US-South Africa Watch

ANC’s bizarre criticism of US programme baffling

Gwede Mantashe
Gwede Mantashe.jpg

In yet another attack on the US, ANC Secretary General Gwede Mantashe bizarrely accused them of fostering “regime-change” in South Africa.  

During a recent ANC organised “anti-racism” rally, Mantashe claimed that the United States was seeking to advance an ‘Arab Spring’ agenda through clandestine meetings and was operating a programme taking young people to the US for six weeks, and then “plants them everywhere, in the campuses and everywhere to foment unrest when they return”.

The ANC is aware of the regular meetings at the US embassy, which are about nothing else other than mobilisation for regime change, he said.

Odd accusation

The oddity of the accusation is that he seemingly referred to the Mandela-Washington Fellowship Programme (MWF) or the Young African Leader Initiative (YALI), placing young leaders from 55 African countries at some of the best universities in the US to study select courses in public and civic leadership, business and entrepreneurship. 

In the past young ANC members participated freely in the programme and according to the US ambassador in South Africa, Patrick Gaspard, he personally had asked Mantashe to recommend young ANC leaders for the programme.

By Mantashe’s logic any ANC members who have participated in the programme are potential “regime change” agents for the US.

He is obviously also contradicting President Jacob Zuma, whose office on 7 August 2014, after his return from an African summit organised by US President Obama, in a statement said: “The president also welcomed the Mandela Washington Leadership youth initiative established by President Obama.”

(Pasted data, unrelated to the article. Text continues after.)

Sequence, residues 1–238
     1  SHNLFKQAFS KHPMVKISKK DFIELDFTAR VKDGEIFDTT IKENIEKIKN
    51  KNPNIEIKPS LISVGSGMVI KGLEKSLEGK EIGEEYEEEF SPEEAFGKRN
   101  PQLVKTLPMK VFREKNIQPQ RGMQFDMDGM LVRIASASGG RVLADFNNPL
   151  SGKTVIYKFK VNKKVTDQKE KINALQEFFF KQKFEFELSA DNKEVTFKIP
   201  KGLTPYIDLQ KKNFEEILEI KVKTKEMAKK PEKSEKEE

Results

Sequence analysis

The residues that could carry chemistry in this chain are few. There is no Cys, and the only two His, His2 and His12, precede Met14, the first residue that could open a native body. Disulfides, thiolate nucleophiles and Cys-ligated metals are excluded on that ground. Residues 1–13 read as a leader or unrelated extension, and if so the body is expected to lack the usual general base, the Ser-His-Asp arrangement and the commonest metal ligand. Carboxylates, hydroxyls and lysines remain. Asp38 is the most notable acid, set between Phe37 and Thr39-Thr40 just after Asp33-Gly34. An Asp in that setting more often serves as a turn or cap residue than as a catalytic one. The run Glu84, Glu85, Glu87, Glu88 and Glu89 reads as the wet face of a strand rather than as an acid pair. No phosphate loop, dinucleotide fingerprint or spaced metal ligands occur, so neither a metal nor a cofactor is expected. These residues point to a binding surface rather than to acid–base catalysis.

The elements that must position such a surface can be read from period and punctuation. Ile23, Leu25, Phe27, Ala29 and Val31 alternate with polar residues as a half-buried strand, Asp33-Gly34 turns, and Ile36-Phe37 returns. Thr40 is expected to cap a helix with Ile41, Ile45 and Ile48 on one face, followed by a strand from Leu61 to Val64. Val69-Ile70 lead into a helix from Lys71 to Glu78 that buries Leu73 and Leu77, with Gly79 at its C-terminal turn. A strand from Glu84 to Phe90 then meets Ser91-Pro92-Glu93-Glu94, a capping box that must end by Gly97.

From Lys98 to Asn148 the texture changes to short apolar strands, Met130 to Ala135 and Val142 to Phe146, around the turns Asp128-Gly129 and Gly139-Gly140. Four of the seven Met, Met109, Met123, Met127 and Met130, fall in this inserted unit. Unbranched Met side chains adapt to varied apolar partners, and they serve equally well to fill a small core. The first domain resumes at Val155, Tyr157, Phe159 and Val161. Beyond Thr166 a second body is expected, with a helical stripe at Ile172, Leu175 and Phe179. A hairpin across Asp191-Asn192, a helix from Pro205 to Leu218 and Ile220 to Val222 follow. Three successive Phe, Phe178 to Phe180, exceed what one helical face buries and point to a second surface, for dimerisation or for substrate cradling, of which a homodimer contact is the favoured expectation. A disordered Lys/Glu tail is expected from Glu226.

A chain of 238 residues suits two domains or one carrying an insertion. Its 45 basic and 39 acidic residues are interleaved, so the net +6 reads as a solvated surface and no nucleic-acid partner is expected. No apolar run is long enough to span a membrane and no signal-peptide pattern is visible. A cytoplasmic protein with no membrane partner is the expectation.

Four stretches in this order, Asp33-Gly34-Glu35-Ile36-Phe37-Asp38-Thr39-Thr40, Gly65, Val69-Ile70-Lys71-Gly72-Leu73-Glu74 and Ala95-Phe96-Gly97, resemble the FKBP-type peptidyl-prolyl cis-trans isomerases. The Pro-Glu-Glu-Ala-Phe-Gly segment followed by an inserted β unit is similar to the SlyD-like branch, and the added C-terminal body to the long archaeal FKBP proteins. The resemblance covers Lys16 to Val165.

Well-known journalist Peter Fabricius asks the question, “So if Mantashe is right that this is actually a regime change initiative, should we assume Zuma is part of the dastardly plot to remove the ANC – and himself – from power?”

He concludes, “It’s hard to imagine how YALI could be promoting ‘regime change’ unless of course Mantashe is implying that learning to respect good governance, proper public management and the right civic values would automatically turn these people against his party”.


However, in response to the criticism and widespread nonplussed reaction to the accusation, the ANC hastily regrouped to limit the damage by claiming that the “US coup threat is not a joke”.

 “We will elevate this matter to a formal level, “… and the ANC will formally raise concerns with the US over the meetings at the American embassy in Pretoria …”

As Minister of State Security, David Mahlobo also gave his “informed” assessment with an own peculiar take on the dangers of attempts at unconstitutional regime change in South Africa.

According to him, “changing a government by unconstitutional means took different forms and could be done by individuals using various mechanisms, such as the media”.

Unfortunately, he did not elaborate or give any examples of where and how in the world the media orchestrated “unconstitutional regime change”. He did, however, give the assurance that there is no reason for panic, because “we are always alert. If anyone seeks to undermine South Africa, we will be able to follow you”.

To confirm government’s alertness, he also disclosed that “concerns had already been raised with the US over its Young African Leaders Initiative student exchange programme”.

Against this revelation it is safe to assume that the same has been done regarding the large number of similar exchange programmes on offer from other Western governments to South African citizens.  

The wackiest comment, however, belongs to Environment Minister Edna Molewa, who “wondered” at an inter-ministerial briefing “why a member of the diplomatic corps had not already driven over to the ANC’s headquarters, Luthuli House, to talk about the issue”.

The Americans could, with justification, “wonder” why they should do what the minister was pondering.

Paranoia and insecurity are clearly clouding the judgement of some high-ranking ANC officials.

Other examples